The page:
Being asked to give a public presentation can be both gratifying and frightening. The gratification is natural since we can assume our innate talents have been noted, our expertise acknowledged and our humility respected! How rare is that? The feeling of fright is also entirely natural — caused mainly by the uncertainty and the unknown. But a fear of public speaking can be overcome. Indeed it is typically tackled by solid preparation and planning which are the essential attributes for effective presentations.

But putting aside these natural human emotions, gratification and fear, there is an immediate set of priorities that must be started. You should not accept the invitation to give a presentation immediately. Now this might seem an unrealistic expectation when faced with the fiery South West Regional VP for Distribution but if it’s the conference planner from the Distribution Association then you are undoubtedly on firmer ground. They will understand. And if it is the fiery VP it’s worthwhile to emphasise the professionalism with which you approach presentations at this stage.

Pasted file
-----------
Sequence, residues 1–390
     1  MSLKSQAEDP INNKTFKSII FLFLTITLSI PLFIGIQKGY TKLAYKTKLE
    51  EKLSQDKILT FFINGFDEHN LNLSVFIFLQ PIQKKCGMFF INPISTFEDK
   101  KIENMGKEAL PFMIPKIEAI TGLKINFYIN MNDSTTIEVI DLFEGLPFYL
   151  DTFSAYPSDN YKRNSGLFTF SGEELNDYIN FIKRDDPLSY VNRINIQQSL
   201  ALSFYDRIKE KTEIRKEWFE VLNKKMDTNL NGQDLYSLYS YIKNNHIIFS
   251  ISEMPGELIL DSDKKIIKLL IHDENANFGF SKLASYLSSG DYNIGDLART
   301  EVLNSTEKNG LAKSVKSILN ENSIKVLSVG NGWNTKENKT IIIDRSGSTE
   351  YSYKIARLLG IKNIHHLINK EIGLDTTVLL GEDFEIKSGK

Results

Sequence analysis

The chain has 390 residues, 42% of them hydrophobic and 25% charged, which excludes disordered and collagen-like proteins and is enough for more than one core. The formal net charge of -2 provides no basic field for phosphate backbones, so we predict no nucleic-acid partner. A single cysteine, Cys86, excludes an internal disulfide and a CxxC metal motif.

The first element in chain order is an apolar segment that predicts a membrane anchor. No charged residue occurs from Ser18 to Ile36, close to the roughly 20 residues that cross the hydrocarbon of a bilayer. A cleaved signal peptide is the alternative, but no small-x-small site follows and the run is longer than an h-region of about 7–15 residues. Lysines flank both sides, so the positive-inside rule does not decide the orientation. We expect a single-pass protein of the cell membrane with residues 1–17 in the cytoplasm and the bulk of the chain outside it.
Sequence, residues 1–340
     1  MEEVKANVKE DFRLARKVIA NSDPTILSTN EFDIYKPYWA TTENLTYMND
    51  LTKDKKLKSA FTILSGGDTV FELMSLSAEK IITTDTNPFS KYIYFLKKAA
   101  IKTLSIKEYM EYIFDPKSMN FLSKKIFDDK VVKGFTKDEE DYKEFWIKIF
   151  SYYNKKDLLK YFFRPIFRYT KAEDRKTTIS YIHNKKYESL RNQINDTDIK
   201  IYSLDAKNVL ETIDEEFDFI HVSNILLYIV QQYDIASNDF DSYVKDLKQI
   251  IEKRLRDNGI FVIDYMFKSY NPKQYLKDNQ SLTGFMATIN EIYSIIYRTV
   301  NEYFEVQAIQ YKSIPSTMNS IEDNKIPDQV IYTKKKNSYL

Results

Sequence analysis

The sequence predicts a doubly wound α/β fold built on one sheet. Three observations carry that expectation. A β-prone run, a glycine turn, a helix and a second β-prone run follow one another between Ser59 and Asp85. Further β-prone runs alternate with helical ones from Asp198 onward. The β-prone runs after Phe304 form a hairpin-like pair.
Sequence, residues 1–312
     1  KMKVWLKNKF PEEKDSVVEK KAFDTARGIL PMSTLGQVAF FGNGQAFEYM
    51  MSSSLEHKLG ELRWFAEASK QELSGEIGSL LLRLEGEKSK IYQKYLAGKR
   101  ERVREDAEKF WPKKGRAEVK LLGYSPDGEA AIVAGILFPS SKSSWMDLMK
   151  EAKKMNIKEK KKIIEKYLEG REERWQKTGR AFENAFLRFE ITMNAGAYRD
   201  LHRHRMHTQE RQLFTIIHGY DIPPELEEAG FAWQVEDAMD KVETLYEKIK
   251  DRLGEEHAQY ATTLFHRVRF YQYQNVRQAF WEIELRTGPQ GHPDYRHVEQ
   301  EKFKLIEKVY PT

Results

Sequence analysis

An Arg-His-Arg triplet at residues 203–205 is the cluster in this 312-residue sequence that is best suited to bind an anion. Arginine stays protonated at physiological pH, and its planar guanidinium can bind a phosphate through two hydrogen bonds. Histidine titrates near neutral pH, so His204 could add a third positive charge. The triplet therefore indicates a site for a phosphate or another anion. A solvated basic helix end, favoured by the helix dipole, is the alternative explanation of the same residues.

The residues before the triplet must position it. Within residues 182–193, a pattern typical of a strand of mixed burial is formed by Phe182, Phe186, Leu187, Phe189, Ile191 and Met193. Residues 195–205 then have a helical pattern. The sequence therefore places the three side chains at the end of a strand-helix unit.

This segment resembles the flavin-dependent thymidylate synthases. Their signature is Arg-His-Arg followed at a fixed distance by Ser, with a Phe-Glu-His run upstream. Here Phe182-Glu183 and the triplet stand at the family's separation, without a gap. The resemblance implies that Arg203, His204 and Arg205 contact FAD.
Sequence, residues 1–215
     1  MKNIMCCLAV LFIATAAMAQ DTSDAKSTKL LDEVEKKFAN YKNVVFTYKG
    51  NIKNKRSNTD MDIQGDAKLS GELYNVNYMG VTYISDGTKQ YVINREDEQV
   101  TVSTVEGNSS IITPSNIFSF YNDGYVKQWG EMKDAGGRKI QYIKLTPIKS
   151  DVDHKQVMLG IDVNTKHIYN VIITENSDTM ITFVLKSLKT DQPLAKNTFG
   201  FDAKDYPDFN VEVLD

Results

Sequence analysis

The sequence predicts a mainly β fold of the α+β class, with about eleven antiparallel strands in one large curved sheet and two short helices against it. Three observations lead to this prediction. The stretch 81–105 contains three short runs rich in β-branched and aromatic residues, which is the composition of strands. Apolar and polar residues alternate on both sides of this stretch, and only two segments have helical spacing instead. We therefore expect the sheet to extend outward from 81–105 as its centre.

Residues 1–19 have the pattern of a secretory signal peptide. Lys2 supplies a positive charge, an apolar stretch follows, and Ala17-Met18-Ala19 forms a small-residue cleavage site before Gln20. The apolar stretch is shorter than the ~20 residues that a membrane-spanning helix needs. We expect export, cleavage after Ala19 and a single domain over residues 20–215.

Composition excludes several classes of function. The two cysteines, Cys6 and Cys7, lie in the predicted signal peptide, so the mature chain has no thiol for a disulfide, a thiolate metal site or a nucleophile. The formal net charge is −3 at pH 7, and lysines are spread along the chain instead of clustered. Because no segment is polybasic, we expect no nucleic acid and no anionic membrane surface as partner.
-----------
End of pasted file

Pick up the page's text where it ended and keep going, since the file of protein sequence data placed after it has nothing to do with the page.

Our move to not accept a presentation engagement immediately is not a result of coyness. No, we have to find out more. And finding out more at this stage is very important in the context of our later presentation planning and preparation. Before we accept an invitation to make a presentation we need answers to these questions:

  1. Who wants you to speak and which organisation do they represent? There is every chance that the person asking you to present is known to you. But equally they might have contacted you through a third party or via a contact in your LinkedIn network for example. In that case it makes sense to put the contact into context and establish who they work for, whether they are independent or who they represent.
  2. What are their contact details? Even if you know the person who invites you to make a presentation it’s a good idea to confirm the best contact details. Check whether their cell has changed or whether email is preferred. And if the presentation organiser is not known to you then it is absolutely essential that you establish contact arrangements — which are, of course, reciprocal.